Two antivirus vendors have criticised Microsoft over its decision to push out its free anti-virus (AV), Security Essentials, under its Microsoft Update service.
Microsoft began offering Security Essentials as a free program in late 2009, which drew little objection from AV vendors, however its decision to push it to customers in the US and UK during the past fortnight has triggered claims the process is anti-competitive.
"We think this is not fair," PandaLabs technical director Luis Corrons told UK technology news site, ITPro.
He added that the ubiquitous distribution of Microsoft's anti-virus would make it easier for criminals to develop malware that bypasses the blacklist.
The company wants Microsoft to continue pushing antivirus to Windows users, including illegitimate copy owners, but also include other AV programs in the update.
A Trend Micro executive raised similar concerns last week after the UK launch in late October.
"Commercialising Windows Update to distribute other software applications raises significant questions about unfair competition," said Carol Carpenter, Trend Micro's general manager of the consumer and small business told Computer World.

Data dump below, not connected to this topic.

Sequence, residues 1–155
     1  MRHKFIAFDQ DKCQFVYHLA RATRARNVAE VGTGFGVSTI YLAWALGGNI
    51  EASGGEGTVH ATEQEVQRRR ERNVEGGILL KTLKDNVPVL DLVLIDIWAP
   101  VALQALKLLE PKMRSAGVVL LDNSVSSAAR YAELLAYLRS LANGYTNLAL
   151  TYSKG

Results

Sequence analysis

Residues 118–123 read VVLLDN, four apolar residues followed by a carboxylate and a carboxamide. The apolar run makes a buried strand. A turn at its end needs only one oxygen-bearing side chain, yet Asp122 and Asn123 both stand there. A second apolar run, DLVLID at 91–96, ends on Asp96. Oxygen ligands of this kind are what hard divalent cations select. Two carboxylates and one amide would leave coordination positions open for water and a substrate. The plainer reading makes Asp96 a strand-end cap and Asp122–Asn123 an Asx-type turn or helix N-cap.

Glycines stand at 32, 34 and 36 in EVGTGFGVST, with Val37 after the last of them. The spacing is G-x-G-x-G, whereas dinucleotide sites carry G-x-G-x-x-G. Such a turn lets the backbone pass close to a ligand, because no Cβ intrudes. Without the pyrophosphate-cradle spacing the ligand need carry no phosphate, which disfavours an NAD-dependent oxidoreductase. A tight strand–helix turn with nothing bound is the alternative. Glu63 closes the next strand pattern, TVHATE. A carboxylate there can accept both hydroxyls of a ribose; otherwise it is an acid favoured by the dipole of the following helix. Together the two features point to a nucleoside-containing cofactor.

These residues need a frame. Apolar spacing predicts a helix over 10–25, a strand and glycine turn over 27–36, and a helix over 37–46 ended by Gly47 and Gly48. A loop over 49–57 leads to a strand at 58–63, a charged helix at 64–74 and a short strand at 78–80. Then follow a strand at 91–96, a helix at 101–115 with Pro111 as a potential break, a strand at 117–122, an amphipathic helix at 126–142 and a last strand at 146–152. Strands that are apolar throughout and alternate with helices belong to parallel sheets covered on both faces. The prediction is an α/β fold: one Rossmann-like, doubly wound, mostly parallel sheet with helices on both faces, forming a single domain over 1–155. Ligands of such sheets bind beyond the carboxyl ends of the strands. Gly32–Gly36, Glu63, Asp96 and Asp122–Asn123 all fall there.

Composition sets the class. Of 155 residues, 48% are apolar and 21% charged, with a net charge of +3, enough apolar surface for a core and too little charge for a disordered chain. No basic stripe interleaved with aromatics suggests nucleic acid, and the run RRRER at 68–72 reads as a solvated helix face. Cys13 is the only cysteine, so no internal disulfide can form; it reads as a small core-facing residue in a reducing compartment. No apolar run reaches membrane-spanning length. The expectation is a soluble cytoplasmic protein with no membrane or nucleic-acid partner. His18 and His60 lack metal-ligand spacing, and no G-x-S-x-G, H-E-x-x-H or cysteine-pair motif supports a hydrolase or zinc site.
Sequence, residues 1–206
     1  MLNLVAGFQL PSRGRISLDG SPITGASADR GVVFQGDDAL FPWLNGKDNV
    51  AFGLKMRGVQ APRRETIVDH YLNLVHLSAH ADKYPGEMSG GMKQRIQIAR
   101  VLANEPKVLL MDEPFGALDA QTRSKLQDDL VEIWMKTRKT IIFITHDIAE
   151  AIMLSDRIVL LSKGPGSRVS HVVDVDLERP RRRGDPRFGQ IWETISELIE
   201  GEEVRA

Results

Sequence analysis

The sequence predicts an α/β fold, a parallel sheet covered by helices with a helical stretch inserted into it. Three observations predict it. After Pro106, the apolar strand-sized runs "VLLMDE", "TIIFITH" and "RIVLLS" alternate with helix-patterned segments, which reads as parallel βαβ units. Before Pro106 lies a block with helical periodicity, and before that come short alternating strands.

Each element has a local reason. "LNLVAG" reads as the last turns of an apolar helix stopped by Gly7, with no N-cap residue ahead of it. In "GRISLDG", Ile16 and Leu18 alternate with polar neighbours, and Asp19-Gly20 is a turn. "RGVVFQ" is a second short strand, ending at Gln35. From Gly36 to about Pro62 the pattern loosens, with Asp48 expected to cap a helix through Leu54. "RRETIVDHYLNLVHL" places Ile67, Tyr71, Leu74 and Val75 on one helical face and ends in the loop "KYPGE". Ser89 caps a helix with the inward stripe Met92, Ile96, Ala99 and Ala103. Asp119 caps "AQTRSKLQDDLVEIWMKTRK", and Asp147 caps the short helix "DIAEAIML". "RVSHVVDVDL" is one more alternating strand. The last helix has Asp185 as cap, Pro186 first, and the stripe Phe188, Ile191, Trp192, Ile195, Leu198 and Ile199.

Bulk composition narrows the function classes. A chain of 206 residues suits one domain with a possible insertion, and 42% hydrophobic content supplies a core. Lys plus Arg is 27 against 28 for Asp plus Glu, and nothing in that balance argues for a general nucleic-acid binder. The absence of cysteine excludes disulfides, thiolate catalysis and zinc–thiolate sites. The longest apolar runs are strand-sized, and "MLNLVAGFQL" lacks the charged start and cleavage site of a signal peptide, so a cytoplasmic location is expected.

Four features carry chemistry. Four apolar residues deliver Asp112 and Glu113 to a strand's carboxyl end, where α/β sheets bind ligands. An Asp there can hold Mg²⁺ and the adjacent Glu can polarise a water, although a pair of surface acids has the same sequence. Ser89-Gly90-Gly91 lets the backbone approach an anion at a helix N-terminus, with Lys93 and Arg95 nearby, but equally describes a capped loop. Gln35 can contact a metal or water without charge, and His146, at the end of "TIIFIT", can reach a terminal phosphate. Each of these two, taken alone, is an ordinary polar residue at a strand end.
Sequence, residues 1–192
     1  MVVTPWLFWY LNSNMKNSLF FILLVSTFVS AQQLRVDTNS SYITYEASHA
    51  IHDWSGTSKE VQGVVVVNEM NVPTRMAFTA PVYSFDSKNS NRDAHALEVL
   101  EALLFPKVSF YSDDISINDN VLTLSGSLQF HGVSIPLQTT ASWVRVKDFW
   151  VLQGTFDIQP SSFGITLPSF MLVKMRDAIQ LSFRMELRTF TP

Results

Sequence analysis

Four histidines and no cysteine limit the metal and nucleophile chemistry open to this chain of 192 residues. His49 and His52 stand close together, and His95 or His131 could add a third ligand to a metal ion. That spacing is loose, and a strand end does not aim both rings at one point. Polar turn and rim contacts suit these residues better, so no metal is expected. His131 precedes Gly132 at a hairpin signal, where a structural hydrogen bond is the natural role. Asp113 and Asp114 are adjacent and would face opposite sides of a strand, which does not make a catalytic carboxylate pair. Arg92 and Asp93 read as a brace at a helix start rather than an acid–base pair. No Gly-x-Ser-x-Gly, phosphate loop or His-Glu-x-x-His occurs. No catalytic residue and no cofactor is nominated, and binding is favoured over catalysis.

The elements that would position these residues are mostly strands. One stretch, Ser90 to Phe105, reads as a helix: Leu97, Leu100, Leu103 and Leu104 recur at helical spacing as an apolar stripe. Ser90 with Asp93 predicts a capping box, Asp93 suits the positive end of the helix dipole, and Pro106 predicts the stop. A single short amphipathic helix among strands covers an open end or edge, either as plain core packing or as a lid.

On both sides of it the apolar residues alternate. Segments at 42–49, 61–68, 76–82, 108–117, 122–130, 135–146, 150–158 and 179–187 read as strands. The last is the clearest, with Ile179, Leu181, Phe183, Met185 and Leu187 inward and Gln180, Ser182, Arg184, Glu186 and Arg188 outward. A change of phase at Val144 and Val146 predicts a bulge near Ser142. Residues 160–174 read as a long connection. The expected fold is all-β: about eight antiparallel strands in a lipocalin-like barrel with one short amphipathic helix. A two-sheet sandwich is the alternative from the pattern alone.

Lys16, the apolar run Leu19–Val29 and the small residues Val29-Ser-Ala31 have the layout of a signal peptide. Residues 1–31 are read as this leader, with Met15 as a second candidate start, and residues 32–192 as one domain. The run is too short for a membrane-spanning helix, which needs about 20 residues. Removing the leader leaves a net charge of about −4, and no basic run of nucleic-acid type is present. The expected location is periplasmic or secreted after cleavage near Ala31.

"Windows Update is a de-facto extension of Windows, so to begin delivering software tied to updates has us concerned," she added. "Windows Update is not a choice for users, and we believe it should not be used this way."
Microsoft initially justified its free AV service because it knew that "too many people" were unwilling or unable to pay for it.
This week it defended its new push program because giving away AV wasn't enough to encourage customers to use it, according to a statement Microsoft issued to CNet on Monday.
"Despite the broad availability of anti-malware software, we still find that many consumer and small business PCs remain unprotected," Microsoft said.